Solana Vista update: solar panels, rain barrels to be incorporated into new school
Design development continues on the new Solana Vista campus in Solana Beach. At the Solana Beach School District board’s June 20 meeting, the board heard a progress report on the school’s design including the addition of sustainability enhancements such as tubular daylighting, photovoltaic panels on the slanted areas of the roof and water harvesting through rain barrels.
The 38-year-old school on Santa Victoria will be completely reconstructed next year. The design of the new one-story campus stays within the footprint of the existing school and there will be no loss to the playing fields utilized by Solana Beach soccer and little league baseball. Currently the school only has nine permanent classrooms with the majority of classrooms in portables. The new design calls for 24 permanent classrooms, including eight specialty classrooms.
The board took a look at the design layout for the classrooms, expressing some concern about a lack of storage space. As they are overseeing the building of their third school (after Solana Ranch and Skyline), board members Vicki King and Debra Schade wanted as much teacher input as possible on the instructional spaces to ensure that the district is providing what they need.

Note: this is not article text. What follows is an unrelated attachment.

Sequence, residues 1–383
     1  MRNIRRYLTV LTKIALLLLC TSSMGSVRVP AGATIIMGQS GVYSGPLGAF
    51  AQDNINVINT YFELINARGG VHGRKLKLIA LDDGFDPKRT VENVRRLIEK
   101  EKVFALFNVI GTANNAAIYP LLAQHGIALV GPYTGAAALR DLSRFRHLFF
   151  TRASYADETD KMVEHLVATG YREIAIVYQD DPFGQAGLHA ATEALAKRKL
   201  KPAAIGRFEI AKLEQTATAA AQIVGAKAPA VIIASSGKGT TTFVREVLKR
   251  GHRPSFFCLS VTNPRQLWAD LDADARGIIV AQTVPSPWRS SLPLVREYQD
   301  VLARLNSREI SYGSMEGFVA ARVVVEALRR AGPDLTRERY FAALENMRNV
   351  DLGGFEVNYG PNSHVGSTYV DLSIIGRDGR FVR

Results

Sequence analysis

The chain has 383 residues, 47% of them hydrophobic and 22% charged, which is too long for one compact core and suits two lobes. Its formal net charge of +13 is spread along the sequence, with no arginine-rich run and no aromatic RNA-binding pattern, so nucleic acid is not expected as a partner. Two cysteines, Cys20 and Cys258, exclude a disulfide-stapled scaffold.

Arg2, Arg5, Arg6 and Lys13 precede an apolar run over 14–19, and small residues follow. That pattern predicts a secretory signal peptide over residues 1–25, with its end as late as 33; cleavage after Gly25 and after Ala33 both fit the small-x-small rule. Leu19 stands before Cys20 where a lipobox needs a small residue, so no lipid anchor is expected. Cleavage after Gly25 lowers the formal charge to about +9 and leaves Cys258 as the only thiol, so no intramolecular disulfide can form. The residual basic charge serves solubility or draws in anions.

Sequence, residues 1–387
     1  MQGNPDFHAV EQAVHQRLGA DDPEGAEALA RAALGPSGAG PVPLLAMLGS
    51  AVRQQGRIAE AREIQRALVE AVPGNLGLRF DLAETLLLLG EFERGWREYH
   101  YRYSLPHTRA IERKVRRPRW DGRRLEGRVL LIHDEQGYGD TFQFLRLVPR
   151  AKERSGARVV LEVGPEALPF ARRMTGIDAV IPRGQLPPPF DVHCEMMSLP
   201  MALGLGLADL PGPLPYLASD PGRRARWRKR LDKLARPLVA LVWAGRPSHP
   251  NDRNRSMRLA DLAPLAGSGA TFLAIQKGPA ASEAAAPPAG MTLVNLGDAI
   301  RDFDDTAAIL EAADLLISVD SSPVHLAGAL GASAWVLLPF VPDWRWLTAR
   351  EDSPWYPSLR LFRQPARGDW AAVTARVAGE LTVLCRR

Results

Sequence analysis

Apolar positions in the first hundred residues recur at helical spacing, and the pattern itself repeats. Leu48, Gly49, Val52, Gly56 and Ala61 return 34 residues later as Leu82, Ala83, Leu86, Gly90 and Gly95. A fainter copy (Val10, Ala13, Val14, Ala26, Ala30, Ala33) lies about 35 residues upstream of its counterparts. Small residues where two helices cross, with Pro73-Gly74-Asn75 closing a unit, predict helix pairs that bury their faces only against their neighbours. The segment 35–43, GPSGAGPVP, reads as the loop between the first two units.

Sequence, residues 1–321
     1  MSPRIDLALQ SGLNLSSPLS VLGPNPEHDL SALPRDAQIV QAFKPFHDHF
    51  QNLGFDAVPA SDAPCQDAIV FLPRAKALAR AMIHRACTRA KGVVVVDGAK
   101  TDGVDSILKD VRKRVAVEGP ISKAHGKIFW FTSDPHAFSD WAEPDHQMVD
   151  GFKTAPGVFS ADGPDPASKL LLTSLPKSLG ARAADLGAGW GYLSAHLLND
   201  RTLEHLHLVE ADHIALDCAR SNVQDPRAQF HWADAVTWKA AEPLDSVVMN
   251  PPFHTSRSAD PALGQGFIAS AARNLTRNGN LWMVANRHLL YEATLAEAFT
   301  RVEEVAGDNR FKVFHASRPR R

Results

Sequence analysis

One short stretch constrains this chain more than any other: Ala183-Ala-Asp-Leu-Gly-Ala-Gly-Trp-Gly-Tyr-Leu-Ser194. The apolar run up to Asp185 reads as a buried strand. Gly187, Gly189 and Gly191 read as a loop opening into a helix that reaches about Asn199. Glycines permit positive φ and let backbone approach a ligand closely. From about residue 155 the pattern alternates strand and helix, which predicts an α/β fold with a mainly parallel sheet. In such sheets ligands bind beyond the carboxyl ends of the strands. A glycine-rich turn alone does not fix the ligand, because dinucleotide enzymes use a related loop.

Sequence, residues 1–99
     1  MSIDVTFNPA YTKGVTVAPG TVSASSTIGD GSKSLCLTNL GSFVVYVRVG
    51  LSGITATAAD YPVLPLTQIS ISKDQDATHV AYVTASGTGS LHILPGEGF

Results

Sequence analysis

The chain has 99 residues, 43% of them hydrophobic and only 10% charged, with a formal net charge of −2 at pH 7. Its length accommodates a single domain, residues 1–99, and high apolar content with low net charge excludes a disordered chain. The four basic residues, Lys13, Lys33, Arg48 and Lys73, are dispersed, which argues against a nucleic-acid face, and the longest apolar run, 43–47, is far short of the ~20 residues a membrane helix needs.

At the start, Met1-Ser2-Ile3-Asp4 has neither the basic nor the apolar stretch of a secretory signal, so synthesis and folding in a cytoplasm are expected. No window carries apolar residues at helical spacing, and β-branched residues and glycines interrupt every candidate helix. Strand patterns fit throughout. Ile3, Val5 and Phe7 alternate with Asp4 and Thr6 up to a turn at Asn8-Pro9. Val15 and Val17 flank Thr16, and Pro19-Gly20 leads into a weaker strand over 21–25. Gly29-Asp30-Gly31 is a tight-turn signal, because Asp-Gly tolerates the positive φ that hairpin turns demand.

In reviewing the design of the multi-use room, board members suggested converting a proposed lobby area into more functional space—as Schade said, the building on the kindergarten through third grade campus will be geared more toward families and kids rather than hosting large events.
The school’s new driveway entrance will be a right-turn only in between Santa Bartola and Santa Cecelia—currently traffic enters farther up on Santa Victoria. The new driveway configuration aims to get cars off Santa Victoria and stacking internally in the parking lot and exiting back on Santa Victoria close to Santa Carina.
According to SBSD Superintendent Jodee Brentlinger, the community still has some concerns about how the traffic circulation will work, as well as the impacts of one-year construction on the neighborhood.
Community engagement will continue in the fall as the design team looks at colors, materials and landscaping. The board will hear a presentation about the proposed colors and materials at its October meeting.
After getting approval from the Division of State Architecture, the district is hoping to get through the Coastal Commission by March 2020. Construction aims to begin in June 2020, according to Caroline Brown, executive director of capital programs.
During the one-year construction timeline, the district plans to house students off-site at Skyline or Solana Highlands schools.
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